***This is something I presented as a seminar on November 6th, 2002. It, of course, is not as rigourously written as an essay; just pretend you're hearing my voice and enjoy the ride :). the essay "Ancient Philosopy and the Simulacrum" is taken from Gilles Deleuze's book The Logic of Sense, trans. Mark Lester & Charles Stivale (New York: Columbia Press, 1990). All quotes in my w/u are taken from that essay. Also, a further disclaimer: anxiety has been expressed at Deleuze's proximity to the word "deconstruction" in this w/u's title. I am not saying that Deleuze is a deconstructionist (that is, that it is his main project). Rather, I am saying that he effects a deconstruction (as I understand deconstruction) of Plato's theory in this essay.
In “Ancient Philosophy and the Simulacrum” Gilles Deleuze picks up a project most commonly associated with the work of Friedrich Nietzsche: the “reversal of Plationism”. By this is meant specifically in this case - Plato’s treatment of epistemology, which sets up a difference between appearances and essences , or phenomenal objects in the world and the pure ideal entities from which all corporeal objects derive their properties. This is a correspondance theory of knowledge: objects correspond or rather participate in their characteristics to the aforementioned Ideal entities, and this of course is known as Plato’s theory of forms. the reversal of Platonism is the annulment of this distinction. Deleuze identifies its occurance in the work of other philosophers as well, namely Hegel and Kant. What they effect is a collapse of this distinction by positing a unity of which the subject is a part; for Hegel, especially, there is a “veil of appearances” that the subject can pull aside in the realization that there is no real subject/object distinction. Deleuze, however, stays in line with the Nietzschean approach, which erases one term in the equation and says that there are no essences at all, only appearances. Of course, he develops and fleshes out the argument by showing how Plato opens the door for his own deconstruction within the theory of forms itself. So here, I will take a look at Deleuze’s view of what’s going on with Plato’s theory of forms. In particular, the question to be asked is “what is the motivation of Plato’s account?”
1) As I said before, Plato’s theory of forms is a correspondence theory of knowledge: properties of objects participate in or correspond to these forms. On the face of it, this seems to be a matter of simple division: what goes where, what corresponds to what. If something is red, then it corresponds to the form of redness. Deleuze, however, sees something much deeper going on here. As he says on page 253, “the Platonic project comes to light only when we turn back to the method of division, for this method is not just one dialectical procedure among others. It assembles the power of the dialectic in order to combine with it another power, and represents thus the entire system”. So this dialectic is not just one in which appropriate distinctions are drawn out and conclusions arrived at. Instead, it is a dialectic of rivalry. Essentially, there is a claim being made when something asserts its participation in a particular form, what is being said is that “x is true to form”: there is a claim of authenticity being made.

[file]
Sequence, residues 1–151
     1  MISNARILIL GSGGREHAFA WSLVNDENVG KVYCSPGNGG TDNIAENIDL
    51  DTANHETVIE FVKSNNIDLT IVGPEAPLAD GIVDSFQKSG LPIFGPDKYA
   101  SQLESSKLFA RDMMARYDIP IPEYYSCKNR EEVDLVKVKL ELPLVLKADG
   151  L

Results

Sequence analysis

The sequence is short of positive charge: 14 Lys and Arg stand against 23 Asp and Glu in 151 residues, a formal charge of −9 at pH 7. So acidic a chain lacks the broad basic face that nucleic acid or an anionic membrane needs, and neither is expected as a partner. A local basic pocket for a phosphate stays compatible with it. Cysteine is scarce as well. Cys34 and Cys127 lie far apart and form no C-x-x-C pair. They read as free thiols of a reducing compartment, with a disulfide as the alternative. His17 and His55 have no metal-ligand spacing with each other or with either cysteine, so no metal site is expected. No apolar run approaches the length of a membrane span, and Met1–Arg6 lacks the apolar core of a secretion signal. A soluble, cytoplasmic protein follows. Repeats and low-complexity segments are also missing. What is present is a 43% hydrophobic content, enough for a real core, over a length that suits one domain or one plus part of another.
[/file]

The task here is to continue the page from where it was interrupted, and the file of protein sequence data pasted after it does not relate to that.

Deleuze uses the the triadic image of the father, daughter, and suitor to make his point. In this formulation, the father corresponds to the foundation, which possesses the object aspired to (the daughter), in a primary way . The suitor must satisfy the father’s requirements - Deleuze says that he must “pass the test of the foundation” in order to make good on his bid to “possess” the daughter (255). In other words, the father must be sure that the suitor is suitable to be his daughter’s husband, by having the suitor prove to him that he will be a provider, a support system, a loving companion, and so on - basically, the suitor must prove that he is motivated out of love for the daughter, just as the father is. He must conform, internally, to the father’s parameters. Of course, he can never take the place of the father, so he must always “possess” the object aspired to in a secondary way. Now, assuming that there is more than one suitor, then a choice must be made between them to decide which of them is, in fact, the “most true to form” and therefore making the most authentic claim.
This, on the surface, is what Plato’s theory of forms is doing, according to Deleuze: it is to “distinguish the true pretender from the false one” - of course all claimants are pretenders because they can never possess what they aspire to in a primary way, but can only participate in it. The can only appear to resemble that which possesses in a primary way. The argument that follows from this is that there are varying degrees of proper participation. At the top of the heap we have the “true” pretender, at the bottom, we have that bogeyman known as the “false” pretender, or the simulacrum. The simulacrum is that which produces an appearance which lays claim to participation in a form, but which is internally corrupted and decidedly not “true” to that form. Immediately we can see a problem arising here: if all “false” pretenders of any sort are simulacrum, then to what do they correspond? It would seem that they cannot correspond to nothing, since there is something to which their falsehood corresponds. They are actually all being produced by the same thing: the simulacrum itself. As Deleuze says on page 256, “as a consequence of searching in the direction of the simulacrum and of leaning over its abyss, Plato discovers, in a flash of an instant, that the simulacrum is not simply a false copy, but that it places in question the very notations of copy and model.” This means that if the simulacrum is something to which these simulacra can correspond and, in other words “be true to”. There is, in fact, truth to these false pretenders. So here, the argument is already shaken up. Now I will move on to Plato’s more complete irony, the one which really opens the door for his deconstruction.